Monday 22 January 2018 / 05:37 AM


Week one of the 2017 finals series delivered another absolute belter, with Penrith prevailing 22-10 over Manly courtesy of two late tries after an absorbing, tempestuous encounter.

The Sea Eagles responded to an early Panthers penalty goal with a magnificent team try, Matthew Wright’s long break setting a platform before Tom Trbojevic put a kick onto Dylan Walker’s chest for the first try.

But the Panthers, buffeted in the media throughout the lead-up over the Matt Moylan situation, took a 10-4 lead into halftime after Bryce Cartwright scored next to the posts and Nathan Cleary slotted another penalty goal.

The tide gradually turned in the second half, and after dipping out on several opportunities, Manly levelled the scoreboard through Lewis Brown just before the hour mark.

A desperation-soaked final quarter swung on a goal-line dropout conceded by the Sea Eagles, after which Tyrone Peachey scored the decisive – and highly-contentious – try with seven minutes left. Cartwright iced the win with his second try in the dying seconds.

Penrith Panthers 22 (Bryce Cartwright 2, Tyrone Peachey tries; Nathan Cleary 5 goals) defeated Manly Sea Eagles 10 (Dylan Walker, Lewis Brown tries; Matthew Wright goal) at Allianz Stadium.

Manly left to chew on rotten Peach

Has there ever been an uglier, less-deserving try to decide a finals match? It was certainly the most controversial finals try of recent years (Cowboys losses not included), with the video referee unable to find evidence to overturn the on-field decision after a kick ricocheted off Tryone Peachey’s bicep and knee before the Penrith centre dotted down.

It was impossible to tell whether his hand had or hadn’t touched it – and it was hard to blame the Bunker for coming up with the call they did – but it would have been equally easy for Gerard Sutton to send it up as no try.

And nothing against the Panthers for riding their luck – they deserved the win in the end – but it was a cruel way for Manly to bow out, and particularly tough after having a hairline calls go against Dylan Walker and Akuila Uate earlier in the second half.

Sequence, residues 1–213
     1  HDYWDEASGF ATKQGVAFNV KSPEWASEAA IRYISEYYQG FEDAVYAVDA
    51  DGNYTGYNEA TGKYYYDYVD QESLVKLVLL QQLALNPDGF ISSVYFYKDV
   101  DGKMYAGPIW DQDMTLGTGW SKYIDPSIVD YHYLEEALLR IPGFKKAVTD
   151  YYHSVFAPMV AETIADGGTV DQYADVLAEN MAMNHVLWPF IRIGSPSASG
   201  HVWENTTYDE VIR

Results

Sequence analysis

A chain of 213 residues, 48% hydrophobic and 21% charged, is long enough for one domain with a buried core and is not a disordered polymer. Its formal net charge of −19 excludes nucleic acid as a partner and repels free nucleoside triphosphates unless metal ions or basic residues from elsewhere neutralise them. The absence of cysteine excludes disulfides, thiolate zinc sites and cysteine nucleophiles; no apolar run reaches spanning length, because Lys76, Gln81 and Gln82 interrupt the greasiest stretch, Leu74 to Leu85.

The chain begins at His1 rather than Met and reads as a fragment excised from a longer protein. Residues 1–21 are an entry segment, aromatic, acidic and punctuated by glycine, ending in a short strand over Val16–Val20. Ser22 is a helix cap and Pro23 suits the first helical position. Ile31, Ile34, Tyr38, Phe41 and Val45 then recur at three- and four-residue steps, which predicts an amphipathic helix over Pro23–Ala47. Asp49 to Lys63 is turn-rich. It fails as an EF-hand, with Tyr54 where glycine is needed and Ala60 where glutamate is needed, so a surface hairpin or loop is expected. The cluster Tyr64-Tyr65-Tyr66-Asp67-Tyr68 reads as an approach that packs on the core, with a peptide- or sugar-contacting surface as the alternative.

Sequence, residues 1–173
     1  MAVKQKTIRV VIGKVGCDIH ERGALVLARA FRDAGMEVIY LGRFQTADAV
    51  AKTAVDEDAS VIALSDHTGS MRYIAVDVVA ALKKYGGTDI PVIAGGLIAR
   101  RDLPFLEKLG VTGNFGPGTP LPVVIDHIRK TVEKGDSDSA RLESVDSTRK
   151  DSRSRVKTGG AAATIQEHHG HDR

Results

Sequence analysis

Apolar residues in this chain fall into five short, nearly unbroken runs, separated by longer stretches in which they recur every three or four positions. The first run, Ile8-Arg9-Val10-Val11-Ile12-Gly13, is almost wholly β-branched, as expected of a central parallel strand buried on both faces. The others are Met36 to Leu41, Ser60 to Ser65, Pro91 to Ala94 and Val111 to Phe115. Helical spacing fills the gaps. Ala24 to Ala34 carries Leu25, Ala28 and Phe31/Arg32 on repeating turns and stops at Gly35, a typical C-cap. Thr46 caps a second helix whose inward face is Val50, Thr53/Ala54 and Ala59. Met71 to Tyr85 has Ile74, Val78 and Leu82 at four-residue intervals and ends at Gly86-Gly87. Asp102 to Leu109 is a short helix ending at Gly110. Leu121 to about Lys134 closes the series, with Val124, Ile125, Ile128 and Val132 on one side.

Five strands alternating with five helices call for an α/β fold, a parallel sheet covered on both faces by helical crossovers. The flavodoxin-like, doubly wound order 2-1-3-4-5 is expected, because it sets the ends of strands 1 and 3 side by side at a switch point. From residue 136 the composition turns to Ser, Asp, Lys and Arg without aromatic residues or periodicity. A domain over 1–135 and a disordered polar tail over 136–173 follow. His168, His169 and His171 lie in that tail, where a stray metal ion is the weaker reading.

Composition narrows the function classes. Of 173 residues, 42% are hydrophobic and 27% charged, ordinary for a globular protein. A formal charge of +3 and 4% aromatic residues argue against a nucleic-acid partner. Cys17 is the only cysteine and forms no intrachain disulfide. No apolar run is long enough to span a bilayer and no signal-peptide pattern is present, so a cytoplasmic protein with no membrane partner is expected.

Spite night

There was plenty of ill feeling when these clubs clashed at Lottoland in a vital Round 26 clash, and with far more at stake the verbal barbs and push-and-shove spilled over into one of the fieriest finals in recent memory.

Dylan Walker was again at the forefront, letting the Panthers know all about after finishing off some Tom Trbojevic brilliance to score the first try.

There were fewer flashpoints as the clocked ticked down, but it was never bubbling too far away from the surface – and it was great theatre.

Panthers’ D aims up

Penrith’s defence was sieve-like in the 28-12 drubbing at the hands of Manly one week earlier, but outstanding commitment without the ball underpinned the Panthers’ passage through to week two.

The mountain men still came up with plenty of misses – 41 to the Sea Eagles’ 36 – but they scrambled for each other and thwarted a welter of Manly raids, particularly in a second half that saw them under the pump for lengthy periods.

Bryce is back

There’s no sugar-coating it – Bryce Cartwright’s 2017 has been a shocker on and off the field. But the ball-playing back-rower saved easily his best performance of the season to date for the big stage, scoring a double and producing the kick that led to Peachey’s contentious match-winner.

The one-time Origin contender was highly involved in attack but played with impressive control (though seven missed tackles highlighted again his major deficiency) and the X-factor he provides will be crucial to the Panthers’ chances next week in Brisbane.

Penrith’s penalty piggy-back

The Sea Eagles were hammered 7-3 in the first half penalty count – most of them conceded deep inside their own territory. The Panthers took full toll, landed penalty goals at the start and the end of the half, and posting their first try through Cartwright after receiving yet another repeat set.

The penalty momentum reversed in the second stanza with Manly on the good side of a 4-1 count, but the Panthers were able to absorb the pressure they brought upon themselves.

Oh, Aku…

Finals football has a brutal way of exposing players at the enigmatic end of the scale, and Akuila Uate had a couple of lamentable moments in the second half.

The veteran winger flubbed a tryscoring chance when he failed to ground a Daly Cherry-Evans kick, while he butchered a routine pick-up of a Panthers kick with two minutes to go, robbing the Sea Eagles of one last chance to force the match into extra-time.

It’s been a great renaissance for Aku in 2017, but his frailties came to the fore when it mattered most tonight.

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About the author

Will Evans

CBS’s Editor-in-Chief and lead rugby league, union and cricket writer, Will is a Christchurch-based freelancer, also writing for Big League and Rugby League Review magazines, and The New Daily website. Will has written four rugby league books.

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